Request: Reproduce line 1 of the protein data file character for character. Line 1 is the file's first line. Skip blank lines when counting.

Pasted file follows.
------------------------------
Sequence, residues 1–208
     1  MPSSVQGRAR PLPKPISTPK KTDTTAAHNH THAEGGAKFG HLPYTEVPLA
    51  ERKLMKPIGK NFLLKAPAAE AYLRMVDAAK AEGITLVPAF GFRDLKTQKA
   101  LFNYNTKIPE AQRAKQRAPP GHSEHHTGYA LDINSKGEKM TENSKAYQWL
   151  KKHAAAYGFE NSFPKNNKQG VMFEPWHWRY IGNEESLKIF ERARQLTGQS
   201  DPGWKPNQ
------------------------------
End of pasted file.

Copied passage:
Sequence, residues 1–208